One of Chablis' most prestigious proprietors, Vincent Dauvissat farms nearly thiry acres of meticulously kept vineyards. These vines (4.5 acres of Vaillons, 2 of Sechets, and 9.4 of Forets among the Premiers Crus, 2.5 of Preuses and 4.5 of Clos among the Grands Crus) are splendidly sited on hillsides underlain by Jurassic limestone. Yields are limited to about 50 hectoliters per hectare, modest by the standards of the region.
Vinification at the domaine is painstaking and traditional at a time when many growers in Chablis have adopted methods that permit increased yields and produce simple wines that reach maturity quickly. Vincent Dauvissat, on the other hand, gives all his wines at least a year in Nevers oak, a portion of which is new each vintage. This practice, imposed on first-quality grapes slowly and carefully fermented, results in wines that are deep, complex and long-lived. They are clearly characteristic of their respective cru, exhibiting the steely bite so typical of Chablis, but with an intensity of flavor and a structural soundness increasingly rare in the region's wines.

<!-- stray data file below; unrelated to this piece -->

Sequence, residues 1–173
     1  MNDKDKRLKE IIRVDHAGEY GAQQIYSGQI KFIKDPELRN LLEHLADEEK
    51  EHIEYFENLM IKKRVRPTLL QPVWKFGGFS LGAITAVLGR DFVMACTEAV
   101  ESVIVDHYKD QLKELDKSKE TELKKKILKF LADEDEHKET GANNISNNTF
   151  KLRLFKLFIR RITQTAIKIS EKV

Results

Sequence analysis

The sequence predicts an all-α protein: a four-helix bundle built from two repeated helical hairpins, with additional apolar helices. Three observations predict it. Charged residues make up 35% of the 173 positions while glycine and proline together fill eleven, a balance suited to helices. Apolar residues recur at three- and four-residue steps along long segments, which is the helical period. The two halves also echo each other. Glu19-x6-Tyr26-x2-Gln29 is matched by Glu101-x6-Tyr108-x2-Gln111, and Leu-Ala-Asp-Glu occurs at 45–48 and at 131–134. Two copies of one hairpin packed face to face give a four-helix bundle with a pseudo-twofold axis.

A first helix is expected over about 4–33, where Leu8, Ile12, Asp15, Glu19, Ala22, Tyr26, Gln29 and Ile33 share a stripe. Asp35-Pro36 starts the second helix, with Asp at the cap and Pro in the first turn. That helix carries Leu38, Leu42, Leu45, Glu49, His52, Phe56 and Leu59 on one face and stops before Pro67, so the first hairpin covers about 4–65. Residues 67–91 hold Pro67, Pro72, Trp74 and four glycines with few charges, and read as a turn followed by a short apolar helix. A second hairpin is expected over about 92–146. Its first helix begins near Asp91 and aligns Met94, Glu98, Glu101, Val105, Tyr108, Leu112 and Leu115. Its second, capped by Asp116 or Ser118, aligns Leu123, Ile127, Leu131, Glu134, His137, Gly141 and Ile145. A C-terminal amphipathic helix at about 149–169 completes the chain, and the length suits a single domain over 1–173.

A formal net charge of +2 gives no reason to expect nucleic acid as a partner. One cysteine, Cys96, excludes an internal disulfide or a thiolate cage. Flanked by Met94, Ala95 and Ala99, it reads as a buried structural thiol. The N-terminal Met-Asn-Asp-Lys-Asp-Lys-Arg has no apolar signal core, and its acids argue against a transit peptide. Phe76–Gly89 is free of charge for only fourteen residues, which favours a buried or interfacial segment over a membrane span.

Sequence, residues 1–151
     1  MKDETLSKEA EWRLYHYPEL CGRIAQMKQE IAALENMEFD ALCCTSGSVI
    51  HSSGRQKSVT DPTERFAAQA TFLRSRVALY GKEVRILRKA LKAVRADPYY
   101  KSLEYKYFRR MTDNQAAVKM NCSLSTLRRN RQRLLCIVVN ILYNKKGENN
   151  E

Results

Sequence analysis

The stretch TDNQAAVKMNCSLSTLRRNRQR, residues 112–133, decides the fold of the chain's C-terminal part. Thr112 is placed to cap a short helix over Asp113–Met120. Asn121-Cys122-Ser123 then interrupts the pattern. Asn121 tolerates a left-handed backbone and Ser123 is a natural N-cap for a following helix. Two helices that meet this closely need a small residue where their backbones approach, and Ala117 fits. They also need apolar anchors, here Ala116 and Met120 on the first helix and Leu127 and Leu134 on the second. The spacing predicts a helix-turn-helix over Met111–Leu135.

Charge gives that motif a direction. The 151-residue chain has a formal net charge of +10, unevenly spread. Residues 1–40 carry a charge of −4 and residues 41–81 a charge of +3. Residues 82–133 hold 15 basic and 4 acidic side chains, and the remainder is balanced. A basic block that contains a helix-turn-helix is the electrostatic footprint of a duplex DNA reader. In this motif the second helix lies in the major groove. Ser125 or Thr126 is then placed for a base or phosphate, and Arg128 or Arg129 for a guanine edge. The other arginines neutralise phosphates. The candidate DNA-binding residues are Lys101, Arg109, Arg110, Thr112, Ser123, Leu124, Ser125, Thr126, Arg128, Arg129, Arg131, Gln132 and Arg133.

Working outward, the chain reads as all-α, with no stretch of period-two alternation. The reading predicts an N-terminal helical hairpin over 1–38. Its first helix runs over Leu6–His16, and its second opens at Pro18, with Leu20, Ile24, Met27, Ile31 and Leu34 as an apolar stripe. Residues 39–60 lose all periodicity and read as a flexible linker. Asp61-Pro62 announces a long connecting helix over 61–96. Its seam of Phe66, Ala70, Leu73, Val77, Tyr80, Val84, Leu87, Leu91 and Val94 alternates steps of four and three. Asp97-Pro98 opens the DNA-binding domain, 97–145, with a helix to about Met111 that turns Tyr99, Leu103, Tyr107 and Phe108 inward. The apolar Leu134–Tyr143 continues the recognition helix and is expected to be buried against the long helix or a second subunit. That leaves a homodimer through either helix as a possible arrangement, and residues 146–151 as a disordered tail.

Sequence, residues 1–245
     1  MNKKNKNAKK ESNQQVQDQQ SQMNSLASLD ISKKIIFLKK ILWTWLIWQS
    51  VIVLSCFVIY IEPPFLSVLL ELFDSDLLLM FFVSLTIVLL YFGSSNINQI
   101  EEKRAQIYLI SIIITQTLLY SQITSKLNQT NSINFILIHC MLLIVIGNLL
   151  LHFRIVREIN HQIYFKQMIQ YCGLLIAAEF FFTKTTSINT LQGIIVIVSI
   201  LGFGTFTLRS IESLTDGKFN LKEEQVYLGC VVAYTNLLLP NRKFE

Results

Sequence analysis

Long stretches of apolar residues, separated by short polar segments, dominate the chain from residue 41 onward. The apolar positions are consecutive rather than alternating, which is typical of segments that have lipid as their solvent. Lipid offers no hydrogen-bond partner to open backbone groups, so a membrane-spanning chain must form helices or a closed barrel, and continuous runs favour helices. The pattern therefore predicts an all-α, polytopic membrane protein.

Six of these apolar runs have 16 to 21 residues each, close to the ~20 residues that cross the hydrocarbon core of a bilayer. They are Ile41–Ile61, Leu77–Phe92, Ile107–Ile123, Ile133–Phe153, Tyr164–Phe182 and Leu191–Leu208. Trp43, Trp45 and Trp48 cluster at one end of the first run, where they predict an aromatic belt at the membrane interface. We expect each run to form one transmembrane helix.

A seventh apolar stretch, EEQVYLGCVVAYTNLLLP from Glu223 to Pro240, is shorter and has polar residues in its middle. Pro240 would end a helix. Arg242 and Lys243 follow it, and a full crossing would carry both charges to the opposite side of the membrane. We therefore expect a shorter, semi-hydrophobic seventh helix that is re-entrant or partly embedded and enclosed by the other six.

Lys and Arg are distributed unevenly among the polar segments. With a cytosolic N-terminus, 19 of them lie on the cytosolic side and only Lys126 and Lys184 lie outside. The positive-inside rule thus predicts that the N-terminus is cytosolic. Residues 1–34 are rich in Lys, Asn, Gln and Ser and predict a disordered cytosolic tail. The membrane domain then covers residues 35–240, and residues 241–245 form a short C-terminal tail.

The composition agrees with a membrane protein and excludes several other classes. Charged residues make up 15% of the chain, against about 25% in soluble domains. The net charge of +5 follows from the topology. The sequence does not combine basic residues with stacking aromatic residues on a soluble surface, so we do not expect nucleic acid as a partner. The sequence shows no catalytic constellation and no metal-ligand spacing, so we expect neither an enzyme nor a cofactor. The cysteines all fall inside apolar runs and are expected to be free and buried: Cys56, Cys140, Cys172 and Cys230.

A loyal following among France's most esteemed restaurateurs sharply limits the availability of Dauvissat wines for export. Nonetheless, it is no surprise that they have attracted the praise and attention.